It was just past eleven o’clock when the phone rang. I’d been asleep for about an hour. Before I could even speak a word, the client on the other end screamed, “Dr. Oz, you gotta help me! My poor little Fluffy (her seven-month-old kitten) is having seizures. She’s thrashing around the kitchen floor and shrieking at the top of her lungs in agony. Doctor, please, you gotta help me!”
And sure enough, over the sounds of a crying baby, a squalling kid, and a shouting husband, I could hear in the background their cat meowing at the top of its lungs. After calming the terrified lady down some, I then asked her a couple of questions. It didn’t take long for me to reach the conclusion that something, indeed, was wrong with sweet little Fluffy. The poor little cat wasn’t having seizures; she was in heat.
I am forever amazed that in this modern day and age, with all its high-tech computers, the Internet, and the information superhighway, I’m still being asked by pet owners this most basic of questions: “Doc, what exactly do you mean when you say our pet is in heat?”
When I answer this question, the first thing I do is remind the pet owner that only females who have not been spayed (fixed) can come into heat. Next, I explain that the sole, bottom-line purpose of a female cat (or any animal) being in heat is to attract a male tomcat so that she and he can mate, thus guaranteeing that she becomes pregnant.
The heat cycle normally begins between seven and twelve months of age but can occur as young as four months. Being in heat is an enormously complex phenomenon that involves the entire cat’s body. What owners notice most is the change in their cat’s behavior. Cats in heat will become extremely affectionate, roll around, and start rubbing against everything. The worst aspect of a cat in heat is the meowing (it can be more like a howl). I can hear it out there now: “OK, Doc, what does a cat being in heat have in common with young Navy sailors?”
While in heat, female cats act like many of my former, unmarried shipmates from back in my old Navy days. That is, after being at sea for forty to fifty days, nonstop, with no wine, no women, and very little song, these guys’ first and foremost goal for as soon as the ship dropped anchor was to hit the beach, and try their level best to find someone to mate with. This all-consuming need to find a mate at any cost is what nature has programmed these in-heat female cats to do. (I’d like to make it very clear that I, of course, never did such things during my days in the 7th Fleet. Instead, I always did volunteer work at orphanages or visited the local museums and other exciting tourist sights; if it was Sunday, I’d go to church. Then, when the day was done, I’d always stop off at the NCO club on base for a glass of freshly squeezed orange juice or perhaps, if I was feeling adventurous, I’d order a cool and refreshing tropical coconut drink.)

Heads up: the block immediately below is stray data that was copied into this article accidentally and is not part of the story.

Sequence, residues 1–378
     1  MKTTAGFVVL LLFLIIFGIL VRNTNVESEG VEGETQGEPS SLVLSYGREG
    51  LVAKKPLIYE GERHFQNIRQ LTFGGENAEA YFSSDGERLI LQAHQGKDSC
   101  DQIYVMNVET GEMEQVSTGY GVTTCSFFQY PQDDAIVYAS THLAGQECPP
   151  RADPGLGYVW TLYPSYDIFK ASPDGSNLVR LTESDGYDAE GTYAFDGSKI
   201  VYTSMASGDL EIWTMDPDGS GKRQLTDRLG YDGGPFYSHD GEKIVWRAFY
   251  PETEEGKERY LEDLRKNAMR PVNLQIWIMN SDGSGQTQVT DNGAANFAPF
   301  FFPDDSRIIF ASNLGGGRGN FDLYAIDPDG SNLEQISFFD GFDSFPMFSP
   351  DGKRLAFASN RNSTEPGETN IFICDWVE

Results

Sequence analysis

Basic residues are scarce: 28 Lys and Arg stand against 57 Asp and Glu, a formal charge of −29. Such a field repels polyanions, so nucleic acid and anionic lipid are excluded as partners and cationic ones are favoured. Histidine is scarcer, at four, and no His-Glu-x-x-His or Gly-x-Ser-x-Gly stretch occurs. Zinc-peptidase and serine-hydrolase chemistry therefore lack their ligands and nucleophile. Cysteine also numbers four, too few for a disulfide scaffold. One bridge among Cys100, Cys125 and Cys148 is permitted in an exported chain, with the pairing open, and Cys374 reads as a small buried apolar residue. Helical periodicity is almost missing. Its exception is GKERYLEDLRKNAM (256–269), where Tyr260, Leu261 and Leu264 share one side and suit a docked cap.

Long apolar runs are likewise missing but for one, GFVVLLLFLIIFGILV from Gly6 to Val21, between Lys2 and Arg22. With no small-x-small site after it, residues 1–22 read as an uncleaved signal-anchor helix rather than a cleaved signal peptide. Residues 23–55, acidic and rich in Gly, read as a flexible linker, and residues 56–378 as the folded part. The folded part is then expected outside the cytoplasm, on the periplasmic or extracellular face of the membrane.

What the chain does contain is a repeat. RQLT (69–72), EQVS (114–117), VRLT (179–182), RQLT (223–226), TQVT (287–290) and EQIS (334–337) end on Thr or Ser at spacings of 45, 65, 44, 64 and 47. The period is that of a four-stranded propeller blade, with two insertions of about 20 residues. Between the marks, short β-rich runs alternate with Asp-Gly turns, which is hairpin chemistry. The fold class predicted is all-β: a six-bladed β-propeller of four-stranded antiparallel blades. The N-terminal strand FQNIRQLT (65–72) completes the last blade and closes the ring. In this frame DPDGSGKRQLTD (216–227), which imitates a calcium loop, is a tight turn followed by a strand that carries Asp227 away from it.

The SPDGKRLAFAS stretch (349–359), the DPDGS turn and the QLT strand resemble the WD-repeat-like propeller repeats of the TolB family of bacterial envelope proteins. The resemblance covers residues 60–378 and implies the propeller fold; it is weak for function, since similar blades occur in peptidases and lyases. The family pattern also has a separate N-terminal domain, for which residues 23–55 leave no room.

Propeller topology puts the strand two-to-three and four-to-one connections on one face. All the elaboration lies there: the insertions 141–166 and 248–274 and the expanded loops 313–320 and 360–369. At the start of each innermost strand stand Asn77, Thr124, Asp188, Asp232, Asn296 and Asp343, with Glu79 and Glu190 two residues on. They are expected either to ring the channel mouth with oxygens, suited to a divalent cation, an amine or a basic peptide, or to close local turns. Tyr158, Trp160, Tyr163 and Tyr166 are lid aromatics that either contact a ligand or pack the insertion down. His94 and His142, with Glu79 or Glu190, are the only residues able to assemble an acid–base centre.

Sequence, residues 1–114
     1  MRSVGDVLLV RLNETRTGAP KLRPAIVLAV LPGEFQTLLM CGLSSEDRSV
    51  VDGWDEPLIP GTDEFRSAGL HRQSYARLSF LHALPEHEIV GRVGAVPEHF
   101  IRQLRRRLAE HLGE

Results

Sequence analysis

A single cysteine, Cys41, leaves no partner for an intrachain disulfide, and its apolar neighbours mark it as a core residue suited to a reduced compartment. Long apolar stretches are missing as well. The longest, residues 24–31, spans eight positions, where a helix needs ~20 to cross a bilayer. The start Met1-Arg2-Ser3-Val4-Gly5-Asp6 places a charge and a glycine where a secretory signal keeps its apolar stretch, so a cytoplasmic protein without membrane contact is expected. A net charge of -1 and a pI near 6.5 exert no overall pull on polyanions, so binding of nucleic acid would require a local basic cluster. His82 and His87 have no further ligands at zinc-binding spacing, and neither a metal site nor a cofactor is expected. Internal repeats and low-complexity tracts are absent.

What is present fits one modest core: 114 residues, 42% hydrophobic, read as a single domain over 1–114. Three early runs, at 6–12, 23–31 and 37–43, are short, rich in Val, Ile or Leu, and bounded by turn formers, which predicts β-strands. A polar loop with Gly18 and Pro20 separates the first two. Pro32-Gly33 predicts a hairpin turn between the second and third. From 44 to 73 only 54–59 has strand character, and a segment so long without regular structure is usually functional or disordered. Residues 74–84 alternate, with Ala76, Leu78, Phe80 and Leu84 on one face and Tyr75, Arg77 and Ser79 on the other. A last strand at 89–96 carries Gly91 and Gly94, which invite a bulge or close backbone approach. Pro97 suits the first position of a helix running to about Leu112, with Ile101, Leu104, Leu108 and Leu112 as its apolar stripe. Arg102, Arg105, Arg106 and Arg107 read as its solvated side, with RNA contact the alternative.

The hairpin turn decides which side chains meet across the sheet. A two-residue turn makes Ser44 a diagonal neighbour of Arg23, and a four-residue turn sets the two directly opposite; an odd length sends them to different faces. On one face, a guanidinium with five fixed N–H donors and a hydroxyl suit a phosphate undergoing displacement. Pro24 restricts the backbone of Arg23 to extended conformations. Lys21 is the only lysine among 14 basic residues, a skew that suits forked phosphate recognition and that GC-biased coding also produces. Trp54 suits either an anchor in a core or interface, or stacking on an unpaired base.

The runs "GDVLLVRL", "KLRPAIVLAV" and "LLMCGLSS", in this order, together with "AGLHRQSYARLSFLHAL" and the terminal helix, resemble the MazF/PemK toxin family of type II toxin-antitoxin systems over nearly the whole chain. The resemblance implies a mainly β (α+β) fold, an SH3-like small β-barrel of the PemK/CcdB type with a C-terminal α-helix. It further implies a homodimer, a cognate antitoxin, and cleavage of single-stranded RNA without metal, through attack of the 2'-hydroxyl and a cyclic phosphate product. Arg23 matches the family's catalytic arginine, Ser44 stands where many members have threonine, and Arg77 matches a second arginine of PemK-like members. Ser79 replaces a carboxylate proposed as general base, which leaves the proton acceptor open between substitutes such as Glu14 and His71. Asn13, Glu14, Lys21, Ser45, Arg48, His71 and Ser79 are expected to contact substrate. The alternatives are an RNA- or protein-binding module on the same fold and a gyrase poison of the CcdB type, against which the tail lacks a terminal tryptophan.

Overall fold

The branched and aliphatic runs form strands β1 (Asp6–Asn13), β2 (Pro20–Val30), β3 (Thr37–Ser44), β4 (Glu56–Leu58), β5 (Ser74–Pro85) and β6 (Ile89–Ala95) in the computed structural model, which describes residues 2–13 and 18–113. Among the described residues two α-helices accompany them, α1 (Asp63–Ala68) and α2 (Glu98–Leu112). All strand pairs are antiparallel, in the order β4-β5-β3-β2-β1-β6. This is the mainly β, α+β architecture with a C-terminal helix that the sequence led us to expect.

These females can also be quite devious in their quests to find a tomcat. Besides the most common method of simply escaping through an open door, I’ve treated a cat that jumped from a third-story rooftop patio to get away, and still another who jumped from a fifth-floor balcony. Another time, I had to suture an ear back onto a cat who slashed her way through a screened-in porch. I’ll say it one more time: these girls will do everything in their power to find a tomcat.
There are two basic cures for being in heat. The first and most irresponsible is to just let her get pregnant. Some people I’ve spoken to just open their back door, let the cat out, and literally let nature take its course. If the poor little cats survive not getting hit by a car in their frenzied state or, even worse, getting mauled by some big-jowled, Godzilla tomcat, you can rest assured she’ll be adding to the surplus kitten supply in about sixty-two days. The second and most humane method (the only one that I recommend) is to avoid the problem altogether and get the female spayed before her first heat at five to six months of age.